hile many admire his hustle and resilience, most negative opinions of Diddy are derived directly from his musical output: the shameless and artless sampling, the Making the Band frame of mind that treats the creative process like dentistry, the fact that he needed Sauce Money and Sting to pen a heartfelt tribute to his best friend.
Diddy's infamous line "don't worry if I write rhymes, I write checks" is his most frequently cited, but would-be detractors are missing the point. There's more ghostwriting at the highest levels of hip-hop than you'll ever know. Diddy's biggest problem was that he considered himself the consummate showman, but could never perform the music that other people took the trouble to write for him well enough to live up to the name. Even amongst Bad Boy afterthoughts like G. Dep and Loon, Diddy's amateur flow was reedy and distracting, a problem that required a vocal coach more than another ghostwriter.
Maybe he got the message: at least for the first half, Press Play is listen without prejudice. As you may have heard by now, the production on the album should have Jay-Z emptying out a couple Swiss accounts in order to keep up. An army of upper-echelon beatmakers led by Just Blaze and Havoc give Diddy some ridiculously tony real estate to preside over. Tracks like "Hold Up" and "The Future" play like The Blueprint in HDTV.
And Diddy actually does them justice. If you can't get past the idea that he might not have authored one word of Press Play, you won't stand a chance. And it's a little strange getting involved in a hall of mirrors where Diddy is reciting lyrics written by other people pretending to be Diddy. But on the harder tracks of Press Play, Diddy sounds more comfortable than he's ever been. Even his attempt at a Pharoahe Monche flow on "The Future" is pretty endearing, considering he could've taken the easy way out and gone with, ahem, Rick Ross.
But the nostalgia—for a time when Diddy ran the city—starts to crumble quickly. "Wanna Move" tries to drive you down I-85 with yet another music-makes-me-lose-control Ciara cameo, but it's overactive drum track reeks of product-shizzle. "Tell Me" features Just Blaze at his brassiest, Christina Aguilera, and the least sexual chemistry we've heard since "Tush." Diddy and Christina boast about how they can get their fuck on 'til the break of dawn, but as to be expected from people who probably recorded their parts on different continents, it plays out more like a raunchy IM exchange.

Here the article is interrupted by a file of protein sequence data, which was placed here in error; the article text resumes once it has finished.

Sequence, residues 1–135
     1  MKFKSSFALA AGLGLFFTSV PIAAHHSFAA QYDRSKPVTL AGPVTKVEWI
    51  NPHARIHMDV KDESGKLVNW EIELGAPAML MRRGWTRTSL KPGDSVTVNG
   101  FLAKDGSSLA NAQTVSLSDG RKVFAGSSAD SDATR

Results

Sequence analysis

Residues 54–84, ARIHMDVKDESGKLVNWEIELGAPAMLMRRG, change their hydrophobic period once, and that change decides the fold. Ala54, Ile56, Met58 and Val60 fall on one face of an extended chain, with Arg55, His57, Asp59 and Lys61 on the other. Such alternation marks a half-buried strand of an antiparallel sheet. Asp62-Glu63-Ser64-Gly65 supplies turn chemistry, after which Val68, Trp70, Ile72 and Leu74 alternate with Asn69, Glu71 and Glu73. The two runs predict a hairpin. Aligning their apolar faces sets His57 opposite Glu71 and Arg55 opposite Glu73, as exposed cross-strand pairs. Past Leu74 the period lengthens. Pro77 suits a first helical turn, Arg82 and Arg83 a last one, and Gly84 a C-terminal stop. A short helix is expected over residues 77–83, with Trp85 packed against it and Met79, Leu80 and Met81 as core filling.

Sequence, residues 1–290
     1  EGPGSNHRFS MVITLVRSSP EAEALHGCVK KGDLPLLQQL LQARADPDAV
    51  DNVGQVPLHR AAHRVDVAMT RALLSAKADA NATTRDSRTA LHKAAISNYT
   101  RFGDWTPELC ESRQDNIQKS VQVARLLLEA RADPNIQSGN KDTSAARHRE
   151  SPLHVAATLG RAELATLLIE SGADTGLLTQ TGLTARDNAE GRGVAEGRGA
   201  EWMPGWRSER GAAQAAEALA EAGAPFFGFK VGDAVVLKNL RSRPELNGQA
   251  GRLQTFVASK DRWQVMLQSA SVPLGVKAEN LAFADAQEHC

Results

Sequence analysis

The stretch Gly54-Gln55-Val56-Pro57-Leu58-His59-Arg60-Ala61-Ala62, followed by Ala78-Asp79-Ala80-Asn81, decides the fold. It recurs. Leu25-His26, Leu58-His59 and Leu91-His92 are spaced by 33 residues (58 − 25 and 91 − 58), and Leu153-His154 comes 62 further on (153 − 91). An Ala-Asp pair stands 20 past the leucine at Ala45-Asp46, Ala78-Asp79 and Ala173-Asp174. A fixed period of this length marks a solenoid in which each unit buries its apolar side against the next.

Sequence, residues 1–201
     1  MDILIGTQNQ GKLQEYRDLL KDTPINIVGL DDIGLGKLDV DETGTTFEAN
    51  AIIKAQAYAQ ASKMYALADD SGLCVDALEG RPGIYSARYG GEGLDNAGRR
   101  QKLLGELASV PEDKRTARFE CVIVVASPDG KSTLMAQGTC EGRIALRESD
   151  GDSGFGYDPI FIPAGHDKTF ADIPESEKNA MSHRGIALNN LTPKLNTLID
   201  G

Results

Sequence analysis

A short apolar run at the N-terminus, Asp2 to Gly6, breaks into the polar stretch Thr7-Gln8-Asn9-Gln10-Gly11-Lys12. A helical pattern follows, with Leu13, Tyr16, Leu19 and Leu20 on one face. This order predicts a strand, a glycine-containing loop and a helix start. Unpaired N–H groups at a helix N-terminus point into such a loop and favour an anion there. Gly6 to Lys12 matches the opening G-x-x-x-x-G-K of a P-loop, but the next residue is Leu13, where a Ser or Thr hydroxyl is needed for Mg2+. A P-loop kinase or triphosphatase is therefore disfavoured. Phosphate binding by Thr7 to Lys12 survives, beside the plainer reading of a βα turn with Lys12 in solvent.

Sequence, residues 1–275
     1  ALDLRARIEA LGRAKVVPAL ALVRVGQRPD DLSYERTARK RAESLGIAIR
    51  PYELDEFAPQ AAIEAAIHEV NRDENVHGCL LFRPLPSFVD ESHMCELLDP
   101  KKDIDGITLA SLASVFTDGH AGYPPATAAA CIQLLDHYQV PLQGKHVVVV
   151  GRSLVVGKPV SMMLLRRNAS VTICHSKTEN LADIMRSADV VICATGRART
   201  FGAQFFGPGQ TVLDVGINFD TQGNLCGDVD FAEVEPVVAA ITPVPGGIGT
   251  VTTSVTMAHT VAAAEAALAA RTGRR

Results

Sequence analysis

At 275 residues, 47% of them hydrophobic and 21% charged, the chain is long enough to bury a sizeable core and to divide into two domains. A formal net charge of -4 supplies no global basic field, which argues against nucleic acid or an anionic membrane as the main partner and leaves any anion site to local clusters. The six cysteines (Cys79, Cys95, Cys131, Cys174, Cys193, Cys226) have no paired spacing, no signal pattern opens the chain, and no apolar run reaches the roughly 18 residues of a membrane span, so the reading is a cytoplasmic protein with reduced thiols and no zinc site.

An unsteady balance of kingpin shit talk and radio hedge-betting was to be expected, but Diddy second-guesses his instincts midway through Press Play and it's a huge mistake: the latter half turns out like Bad Boy Presents…The Love Below II. After the boasting ends, Diddy takes on a less appealing brand of egocentrism: spending the night popping bottles and tossing hundreds, but having the nerve to tell you ad nauseum during breakfast that he'd give it all up for that special girl.
Side B of Press Play takes a cyclopean look at "urban relationship music," honoring Biggie's "Dreams" by pumping out track after track with a different R&B; chick. From Keri to Keyshia Cole to Mary J. Blige, the gang's all here, leaving you to wonder where Deborah Cox was in all of this.
Any of these would have served as, at the very least, interesting left-field detours. There's the Bar Mitzvah & B track from 1985, the one where Diddy sings, a spoken word soliloquy, and something with Brandy that nearly qualifies as two-step. But placed back-to-back-to-back-to-back, they become a hookless, charmless comedown that anchors what was supposed to be a party album and renders Press Play nearly devoid of replay value past the twenty-minute mark.
That Press Play turns out to be no worse or better than we should've expected is incredibly disappointing in light of the timing. Diddy's been having his best run in years: Cassie blew up, Yung Joc was the answer in Bad Boy's search for the elusive two-hit wonder, and Danity Kane even topped OutKast for Billboard's top spot recently. Plus, I'm willing to wager that the people who are reviewing Press Play liked No Way Out far more than they were told they were supposed to and were ready to give some retroactive love.
But despite what Diddy says, this is not No Way Out II. Even if most of his performance on that album was glorified rapping into his hairbrush, he knew how to surround himself with cats as hungry for superstardom as he used to be. Biggie's verses may have literally and figuratively dropped from the heavens, but in 1997, rappers like Jay-Z, The LOX, Lil' Kim, Ma$e, and Twista were still (to varying degrees) unheralded by the mainstream. No one phoned it in. Compare it to Press Play, where Diddy surrounds himself with divas and servants. The degree of bloat and contentment is the exact reason why even the better portions of the album won’t yield something as vital as "Victory," "It's All About the Benjamins" or even "Young G's." Instead, Press Play is like an episode of My Super Sweet 16: though lavishly decorated and probably an honor to be invited to, there's a megalomaniacal presence that ensures the whole party is about glorification of ego rather than actual fun.